Raising your credit score can save you thousands of dollars on your home loan by lowering your interest rate. A 1% APR change will cost you about $20,000 in interest for every $100,000 that you borrow over a 30 year loan!
So, how do you get a better credit score? It’s easy!
- Pay all of your bills on time for at least year. Many companies let you set up automatic payments, which is a great way to make sure you never forget to mail them a check!
- Check your credit reports for errors – if you find any get them fixed. Mistakes happen, and you could be paying for someone else’s poor financial management. Each of the three major credit reporting companies has to give you a free credit report every year if you ask for it. They have set up a central website to handle the requests – visit www.annualcreditreport.com and check on your credit info every year.
- The way you manage credit cards have a huge affect on your credit score. Transferring credit card debt from one card to another could lower your score, so will opening or closing several accounts. Your score will get higher as you keep a low balance over time, and keep paying it off. Your score will usually be higher if you have a couple different types of credit, but make sure none of them are charged to the limit. If you owe a lot of money on many different accounts it can indicate that you are overextended. However, it’s a good thing if you have a low proportion of balances to total credit limits.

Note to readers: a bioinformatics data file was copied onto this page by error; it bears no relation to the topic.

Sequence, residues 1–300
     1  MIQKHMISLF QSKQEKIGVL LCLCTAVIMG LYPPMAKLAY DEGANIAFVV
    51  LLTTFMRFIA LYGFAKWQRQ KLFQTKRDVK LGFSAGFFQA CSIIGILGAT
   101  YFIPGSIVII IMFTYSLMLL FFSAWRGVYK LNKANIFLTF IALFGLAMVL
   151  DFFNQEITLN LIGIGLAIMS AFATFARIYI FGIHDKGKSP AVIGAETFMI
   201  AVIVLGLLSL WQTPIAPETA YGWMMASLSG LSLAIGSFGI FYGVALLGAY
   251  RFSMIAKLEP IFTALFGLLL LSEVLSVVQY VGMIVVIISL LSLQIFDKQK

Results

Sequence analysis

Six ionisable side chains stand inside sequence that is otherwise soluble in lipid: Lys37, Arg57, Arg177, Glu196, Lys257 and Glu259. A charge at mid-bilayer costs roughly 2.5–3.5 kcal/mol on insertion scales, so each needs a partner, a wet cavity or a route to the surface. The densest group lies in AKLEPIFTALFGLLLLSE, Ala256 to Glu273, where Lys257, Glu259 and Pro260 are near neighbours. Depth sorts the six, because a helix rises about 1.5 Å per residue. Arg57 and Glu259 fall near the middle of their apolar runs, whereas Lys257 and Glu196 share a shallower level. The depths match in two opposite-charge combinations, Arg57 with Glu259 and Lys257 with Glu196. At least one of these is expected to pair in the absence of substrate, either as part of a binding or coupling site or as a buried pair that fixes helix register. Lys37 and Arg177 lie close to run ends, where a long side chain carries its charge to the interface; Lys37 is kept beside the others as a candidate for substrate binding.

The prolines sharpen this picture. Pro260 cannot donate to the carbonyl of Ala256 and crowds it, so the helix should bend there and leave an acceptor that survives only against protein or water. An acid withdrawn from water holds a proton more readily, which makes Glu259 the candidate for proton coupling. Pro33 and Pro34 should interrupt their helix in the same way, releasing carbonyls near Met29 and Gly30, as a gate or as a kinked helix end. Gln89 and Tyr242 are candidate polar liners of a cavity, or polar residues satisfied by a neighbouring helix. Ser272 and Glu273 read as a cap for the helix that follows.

- If you have had credit problems like missed payments, judgments, etc., wait 12 months to apply for a mortgage. You’re penalized less for problems that happened over a year ago if you have had a good payment record since then.
- If you think you are a victim of identity theft, or if your purse or wallet has been stolen, you can request the credit agencies to put a “fraud alert” or a security freeze on your account to protect you and your credit history.
- Last, but not least… Avoid finance companies – even if you pay the loan on time, the interest rate is high and it can be considered a sign of poor credit management.
Here’s a great article at My FICO that goes into more detail about improving your score.https://www.myfico.com/credit-education/improve-your-credit-score